If Cleopatra was dressing for state affairs, her attire would be different than her ordinary dress, for according to Plutarch (quoted in Hughes-Hallett (1990), she generally wore "the robe which is sacred to Isis, and she was addressed as the New Isis." (p. 81)." Hughes-Hallett quotes Lucius Apuelius's description of Lucius's vision in The Golden Ass to suggest how she might have looked:
[Isis's] long thick hair fell in tapering ringlets on her lovely neck, and was crowned with an intricate chaplet in which was woven every kind of flower. Just above her brow shone a round disc, like a mirror, or like the bright face of the moon, which told me who she was. Vipers rising from the left-hand and right-hand parting of her hair supported this disc, with ears of corn bristling beside them. Her many-coloured robe was of finest linen; part was glistening white, part crocus-yellow, part glowing red and along the entire hem a woven bordure of flowers and fruit clung swaying in the breeze. But what caught and held my eye more than anything else was the black lustre of her mantle. She wore it slung across her body from the right hip to the left shoulder, where it was caught in a knot resembling the boss of a shield; but part of it hung in innumerable folds, the tasselled fringe quivering. It was embroidered with glittering stars on the hem and everywhere else, and in the middle beamed a full and firey moon. (p. 81)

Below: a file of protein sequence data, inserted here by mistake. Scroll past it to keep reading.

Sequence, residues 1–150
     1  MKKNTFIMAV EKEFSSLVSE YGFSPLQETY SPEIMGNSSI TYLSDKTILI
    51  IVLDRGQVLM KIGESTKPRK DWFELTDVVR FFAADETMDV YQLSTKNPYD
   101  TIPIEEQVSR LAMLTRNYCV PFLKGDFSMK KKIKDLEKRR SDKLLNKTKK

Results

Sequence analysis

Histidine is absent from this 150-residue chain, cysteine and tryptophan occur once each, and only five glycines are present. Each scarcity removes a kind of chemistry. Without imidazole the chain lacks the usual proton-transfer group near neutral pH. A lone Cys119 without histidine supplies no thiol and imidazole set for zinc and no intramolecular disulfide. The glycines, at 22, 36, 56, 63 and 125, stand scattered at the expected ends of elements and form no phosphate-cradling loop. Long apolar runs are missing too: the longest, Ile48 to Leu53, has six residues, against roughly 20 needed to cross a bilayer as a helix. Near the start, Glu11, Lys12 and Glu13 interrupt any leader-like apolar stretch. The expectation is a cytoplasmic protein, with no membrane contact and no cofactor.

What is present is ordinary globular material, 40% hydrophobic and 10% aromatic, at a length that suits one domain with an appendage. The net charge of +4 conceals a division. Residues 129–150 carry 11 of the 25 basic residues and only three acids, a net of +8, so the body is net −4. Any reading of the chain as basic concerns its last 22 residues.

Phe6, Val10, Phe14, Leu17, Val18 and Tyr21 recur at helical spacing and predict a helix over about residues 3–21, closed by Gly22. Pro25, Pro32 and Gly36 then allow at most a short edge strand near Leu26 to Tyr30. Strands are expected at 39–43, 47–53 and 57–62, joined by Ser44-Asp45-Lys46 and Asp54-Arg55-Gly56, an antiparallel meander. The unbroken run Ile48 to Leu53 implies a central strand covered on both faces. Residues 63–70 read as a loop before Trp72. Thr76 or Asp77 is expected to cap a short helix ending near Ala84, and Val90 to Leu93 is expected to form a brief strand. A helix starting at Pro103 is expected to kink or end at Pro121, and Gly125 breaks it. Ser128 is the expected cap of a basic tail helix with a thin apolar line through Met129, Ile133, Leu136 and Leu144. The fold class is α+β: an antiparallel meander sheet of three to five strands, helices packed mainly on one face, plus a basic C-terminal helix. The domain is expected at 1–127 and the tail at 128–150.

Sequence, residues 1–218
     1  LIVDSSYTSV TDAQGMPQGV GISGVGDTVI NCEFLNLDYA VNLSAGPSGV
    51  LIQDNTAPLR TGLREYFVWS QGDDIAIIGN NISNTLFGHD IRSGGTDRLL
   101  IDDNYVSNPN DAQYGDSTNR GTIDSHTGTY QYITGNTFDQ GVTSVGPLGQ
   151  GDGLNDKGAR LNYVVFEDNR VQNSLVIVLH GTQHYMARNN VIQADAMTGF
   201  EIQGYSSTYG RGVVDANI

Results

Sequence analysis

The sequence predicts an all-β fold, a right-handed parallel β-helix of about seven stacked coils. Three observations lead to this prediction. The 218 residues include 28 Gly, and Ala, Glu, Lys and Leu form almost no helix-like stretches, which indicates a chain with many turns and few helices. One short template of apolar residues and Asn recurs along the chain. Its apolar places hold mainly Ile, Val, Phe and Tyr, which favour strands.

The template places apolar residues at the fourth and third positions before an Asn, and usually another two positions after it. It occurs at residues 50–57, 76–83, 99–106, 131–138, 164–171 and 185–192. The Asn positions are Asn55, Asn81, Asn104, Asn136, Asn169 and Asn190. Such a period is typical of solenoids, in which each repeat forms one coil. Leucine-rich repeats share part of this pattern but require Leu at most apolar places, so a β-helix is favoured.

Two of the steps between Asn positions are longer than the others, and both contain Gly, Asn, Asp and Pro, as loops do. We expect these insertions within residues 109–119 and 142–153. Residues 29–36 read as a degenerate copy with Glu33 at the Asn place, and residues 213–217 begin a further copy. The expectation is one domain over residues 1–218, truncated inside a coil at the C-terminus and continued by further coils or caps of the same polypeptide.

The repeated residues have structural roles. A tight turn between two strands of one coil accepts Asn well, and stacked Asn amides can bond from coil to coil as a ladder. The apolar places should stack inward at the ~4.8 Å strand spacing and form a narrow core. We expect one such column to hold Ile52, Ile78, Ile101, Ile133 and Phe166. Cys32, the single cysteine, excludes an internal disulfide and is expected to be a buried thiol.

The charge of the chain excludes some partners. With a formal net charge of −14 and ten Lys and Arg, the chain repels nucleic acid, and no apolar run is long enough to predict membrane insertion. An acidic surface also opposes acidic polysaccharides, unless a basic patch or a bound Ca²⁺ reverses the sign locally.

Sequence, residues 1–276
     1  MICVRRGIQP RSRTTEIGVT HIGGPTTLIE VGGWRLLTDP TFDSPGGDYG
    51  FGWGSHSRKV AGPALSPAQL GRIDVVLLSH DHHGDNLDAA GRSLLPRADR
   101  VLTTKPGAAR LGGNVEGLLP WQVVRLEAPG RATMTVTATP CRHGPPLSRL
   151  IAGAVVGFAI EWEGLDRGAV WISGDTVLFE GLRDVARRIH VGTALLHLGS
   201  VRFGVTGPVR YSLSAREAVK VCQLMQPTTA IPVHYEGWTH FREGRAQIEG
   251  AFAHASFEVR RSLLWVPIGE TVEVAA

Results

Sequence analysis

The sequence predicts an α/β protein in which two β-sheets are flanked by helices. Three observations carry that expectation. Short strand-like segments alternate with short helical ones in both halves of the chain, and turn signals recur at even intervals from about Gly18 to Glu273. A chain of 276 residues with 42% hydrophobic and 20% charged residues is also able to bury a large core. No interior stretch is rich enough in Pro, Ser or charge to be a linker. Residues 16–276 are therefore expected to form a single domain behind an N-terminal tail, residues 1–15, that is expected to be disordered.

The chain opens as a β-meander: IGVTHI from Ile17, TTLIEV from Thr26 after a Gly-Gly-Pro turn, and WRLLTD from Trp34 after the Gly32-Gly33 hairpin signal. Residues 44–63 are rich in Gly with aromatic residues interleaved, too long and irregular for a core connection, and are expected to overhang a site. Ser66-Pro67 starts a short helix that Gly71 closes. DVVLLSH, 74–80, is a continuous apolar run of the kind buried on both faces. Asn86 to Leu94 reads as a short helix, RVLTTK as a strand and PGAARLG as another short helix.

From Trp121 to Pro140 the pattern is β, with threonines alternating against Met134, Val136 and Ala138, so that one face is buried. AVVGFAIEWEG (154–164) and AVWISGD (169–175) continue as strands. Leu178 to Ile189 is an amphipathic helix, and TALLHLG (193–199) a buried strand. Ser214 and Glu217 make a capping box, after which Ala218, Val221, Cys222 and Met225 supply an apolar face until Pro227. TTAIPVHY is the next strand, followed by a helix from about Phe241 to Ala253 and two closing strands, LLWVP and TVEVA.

Plutarch also notes that "the robes of Isis are variegated in their colours, for her power is concerned with matter which becomes everything and receives everything, light and darkness, fire and water, life and death." (quoted by Hughes-Hallett, p. 81).

Other possibilities exist for the Isis costume.

The first type of gown, shown by Houston (1920), was actually in two styles, both of which were adapted from an Egyptian skirt and cloak. (p. 20) The Greek adaption, from the fourth century, BCE, consists of rectangular pieces of material which form an undertunic (with sleeves), a skirt, and a cloak. The Roman adaption of this same costume (AD 200) looked very much the same.
If Cleopatra wanted to look like the Egyptian paintings of Isis, she could wear one of the oldest types of women's dress, a tight tunic with braces. The long linen tunic rides just below the breast. Shoulder straps (braces) hold the garment up. Apparently the braces could be worn in a V-shape reaching from the center of the waist to the shoulders or (according to several statuettes) over the breasts. Baines and Malek (1989) show a wooden statue from the Old Kingdom wearing this type of dress. (p. 204) The servant carries offerings. The dress has alternating bands of colored scales in carnelian, dark moss green, pale red, and grey-green. The bottom panel is dark moss green with yellow strips. The same colors are incorporated in the straps, collar and bracelets. The black hair is worn over both shoulders. The servant is barefoot. Houston (1920) notes that on the garment, Egyptian decorations "would be either printed, painted, or embroidered." (p. 6)

Excavations in Pompeii offer two other possibilites for Cleopatra to appear as Isis. Both were shown in statues from the Pompeii AD 79 exhibit that toured America in 1978. The first, shown beside the title above, was of marble. Ward-Perkins & Claridge (1978) describe the goddess Isis statue: